Jerk is the third derivative of displacement with respect to time. It is also the derivative of acceleration with respect to time.

learn more… | top users | synonyms (1)

9
votes
5answers
333 views

What is the best path for a given initial and final state?

I am trying to calculate an efficient acceleration curve given starting and final positions and velocities. I'm assuming no friction, and that the acceleration can be applied in any direction at any ...
8
votes
1answer
247 views

When motion begins, do objects go through an infinite number of position derivatives?

This might be a very vague and unclear question, but let me explain. When an object at rest moves, or moves from point $A$ to point $B$, we know the object must have had some velocity (1st derivative ...
1
vote
2answers
171 views

Frames of reference: Inertial and accelerated - and jerked, snapped, crackled and popped?

There are inertial frames of reference and the accelerated frames of reference, but are there any frames of references w.r.t. higher order derivatives of velocity? [1] [2] For example, jerked frames ...
0
votes
1answer
240 views

Accelerating fluid filled container [closed]

A container filled with fluid is accelerating initially with a1 and instantly changes to a2 (a2 < a1). What would happen to the fluid in the container. My thoughts on this - If the velocity of ...
10
votes
4answers
1k views

How do I calculate the distance a ship will take to stop?

I am a River Pilot and drive ships for a living. These ships are very large and range up to 160,000 Metric Tons. I am trying to figure out how to calculate the distance to stopping. I have a basic ...
1
vote
4answers
827 views

When we take time derivative of a function of time, then is the result another function of time, again?

(I'll try to explain my question by one known example), for example where the velocity is a function of time v(t) then its time derivative (which is acceleration: $a=\frac {dv}{dt}$) is another ...
0
votes
1answer
72 views

Is there any case where one would use, snap, crackle or pop? [duplicate]

As we all know, if you differentiate distance with reference to time, you get speed, and likewise, differentiating speed you get acceleration. However, if you keep differentiating, to the rate of ...
39
votes
3answers
2k views
0
votes
3answers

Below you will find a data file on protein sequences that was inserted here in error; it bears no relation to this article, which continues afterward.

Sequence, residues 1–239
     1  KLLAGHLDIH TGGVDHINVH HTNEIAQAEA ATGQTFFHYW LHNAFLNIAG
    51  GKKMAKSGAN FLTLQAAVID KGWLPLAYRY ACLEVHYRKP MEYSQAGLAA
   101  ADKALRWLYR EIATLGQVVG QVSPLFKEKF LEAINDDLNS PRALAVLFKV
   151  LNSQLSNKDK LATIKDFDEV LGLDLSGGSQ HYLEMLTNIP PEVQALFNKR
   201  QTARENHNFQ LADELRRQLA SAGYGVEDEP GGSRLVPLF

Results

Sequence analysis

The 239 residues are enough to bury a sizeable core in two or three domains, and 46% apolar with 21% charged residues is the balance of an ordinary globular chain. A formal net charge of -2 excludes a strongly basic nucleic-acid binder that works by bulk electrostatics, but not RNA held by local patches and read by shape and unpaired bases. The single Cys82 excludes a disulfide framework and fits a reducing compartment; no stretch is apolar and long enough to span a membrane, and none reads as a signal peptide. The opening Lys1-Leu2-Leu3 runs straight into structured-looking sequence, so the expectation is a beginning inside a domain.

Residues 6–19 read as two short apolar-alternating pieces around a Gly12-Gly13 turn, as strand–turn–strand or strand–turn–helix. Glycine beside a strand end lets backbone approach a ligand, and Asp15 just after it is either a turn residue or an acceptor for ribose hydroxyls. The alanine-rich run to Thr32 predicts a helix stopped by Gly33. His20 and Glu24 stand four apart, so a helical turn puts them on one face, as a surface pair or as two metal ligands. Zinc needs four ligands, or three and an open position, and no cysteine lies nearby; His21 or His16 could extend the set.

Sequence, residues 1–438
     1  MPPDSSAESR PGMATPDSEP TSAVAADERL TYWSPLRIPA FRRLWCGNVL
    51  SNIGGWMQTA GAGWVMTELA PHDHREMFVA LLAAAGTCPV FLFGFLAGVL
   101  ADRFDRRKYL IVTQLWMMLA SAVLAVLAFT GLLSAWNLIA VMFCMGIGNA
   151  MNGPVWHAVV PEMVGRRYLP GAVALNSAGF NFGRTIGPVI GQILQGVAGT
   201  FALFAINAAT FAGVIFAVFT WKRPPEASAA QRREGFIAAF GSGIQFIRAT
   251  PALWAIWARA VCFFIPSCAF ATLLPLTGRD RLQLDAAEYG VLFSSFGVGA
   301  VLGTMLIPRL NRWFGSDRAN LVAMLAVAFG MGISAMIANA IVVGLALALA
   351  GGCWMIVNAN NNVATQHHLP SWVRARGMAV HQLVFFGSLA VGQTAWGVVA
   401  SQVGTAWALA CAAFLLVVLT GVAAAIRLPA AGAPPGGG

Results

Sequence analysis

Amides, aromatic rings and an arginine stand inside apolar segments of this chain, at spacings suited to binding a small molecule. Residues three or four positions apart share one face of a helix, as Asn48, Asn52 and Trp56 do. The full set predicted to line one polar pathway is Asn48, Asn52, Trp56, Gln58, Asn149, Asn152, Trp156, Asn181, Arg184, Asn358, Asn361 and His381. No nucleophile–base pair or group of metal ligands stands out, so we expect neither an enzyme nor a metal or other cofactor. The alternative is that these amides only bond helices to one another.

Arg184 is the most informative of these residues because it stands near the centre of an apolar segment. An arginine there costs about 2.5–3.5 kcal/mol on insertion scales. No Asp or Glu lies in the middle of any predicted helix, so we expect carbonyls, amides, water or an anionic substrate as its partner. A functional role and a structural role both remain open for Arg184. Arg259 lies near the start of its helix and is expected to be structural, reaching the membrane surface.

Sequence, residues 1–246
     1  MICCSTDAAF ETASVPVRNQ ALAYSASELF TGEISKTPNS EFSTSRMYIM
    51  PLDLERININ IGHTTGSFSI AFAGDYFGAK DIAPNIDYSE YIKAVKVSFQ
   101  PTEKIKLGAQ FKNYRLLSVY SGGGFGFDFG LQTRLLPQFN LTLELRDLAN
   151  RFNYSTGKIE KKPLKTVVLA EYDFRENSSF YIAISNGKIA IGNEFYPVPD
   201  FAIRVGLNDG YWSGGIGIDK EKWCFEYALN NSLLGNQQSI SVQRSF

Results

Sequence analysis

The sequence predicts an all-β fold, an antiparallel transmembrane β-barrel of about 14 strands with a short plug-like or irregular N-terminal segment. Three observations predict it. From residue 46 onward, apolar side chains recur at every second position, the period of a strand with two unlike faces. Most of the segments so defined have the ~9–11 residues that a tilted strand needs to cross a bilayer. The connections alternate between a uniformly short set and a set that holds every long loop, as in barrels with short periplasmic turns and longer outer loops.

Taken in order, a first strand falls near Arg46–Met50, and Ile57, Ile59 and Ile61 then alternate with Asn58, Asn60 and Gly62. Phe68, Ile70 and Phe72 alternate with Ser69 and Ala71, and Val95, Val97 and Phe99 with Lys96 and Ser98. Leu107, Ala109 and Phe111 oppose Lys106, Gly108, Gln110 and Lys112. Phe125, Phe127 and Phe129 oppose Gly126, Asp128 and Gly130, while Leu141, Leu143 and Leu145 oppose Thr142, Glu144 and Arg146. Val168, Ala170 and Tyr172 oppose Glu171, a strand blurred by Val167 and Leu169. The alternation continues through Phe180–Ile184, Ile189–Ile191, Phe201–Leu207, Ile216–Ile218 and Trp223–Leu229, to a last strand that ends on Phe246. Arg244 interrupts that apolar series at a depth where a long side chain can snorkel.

123 views

Stresses in asteroid during close flyby

The acceleration of an asteroid (such as 2012DA14) as it approaches earth is proportional to the reciprocal of distance $r$ from earth center, squared. the derivative of the acceleration, or jerk, is ...
7
votes
3answers
845 views

In mechanics, is shock really better expressed as jerk instead of acceleration?

Some expensive electronics or mechanical devices are designed to be shock-resistant. However, the manufacturers often market the level of shock-resistance in units of g-force (I know g-force is really ...
5
votes
4answers
1k views

How to brake 'beautifully'?

Sometimes when I'm driving my car, I play a "game" against myself in which I try to minimize the deceleration felt by passengers (including myself) while still braking in a reasonable short space. I ...
4
votes
2answers
457 views

Is there any case in physics where the equations of motion depend on high time derivatives of the position?

For example if the force on a particle is of the form $ \mathbf F = \mathbf F(\mathbf r, \dot{\mathbf r}, \ddot{\mathbf r}, \dddot{\mathbf r}) $, then the equation of motion would be a third order ...
0
votes
2answers
159 views

Non-zero higher time derivatives of position?

My mom told me to use speed control, which would allow the car to remain at constant speed. I told her that its impossible for a car to maintain constant speed, as slight changes in friction on the ...
3
votes
0answers
86 views

Jerk Magnitudes and Earthquakes

Destruction from earthquakes depends on many factors, including magnitude, occurrence depth and closeness to epicenter. One measure that may relate destructive force for buildings and infrastructure ...
13
votes
1answer
1k views

What came first, Rice Crispy or “Snap,” “Crackle,” and “Pop”? [closed]

The fourth, fifth, and sixth derivatives of position are called "Snap" "Crackle" and "Pop". What came first, the rice crispy characters, or the physics units?
1
vote
3answers
683 views

Calculate kinematics of body movement from the set of spatial coordinates

Short intro I have a set of 3D (x,y,z) spatial coordinates of arm movement obtained using motion capture system. The example set of such coordinates looks like this (rounded up): ...
-1
votes
1answer
175 views

Does light photons have jerk? [duplicate]

While searching in web regarding whether rate of change of acceleration is possible or not; I came across the concept of jerk. I want to know whether photons which can be accelerated can also have ...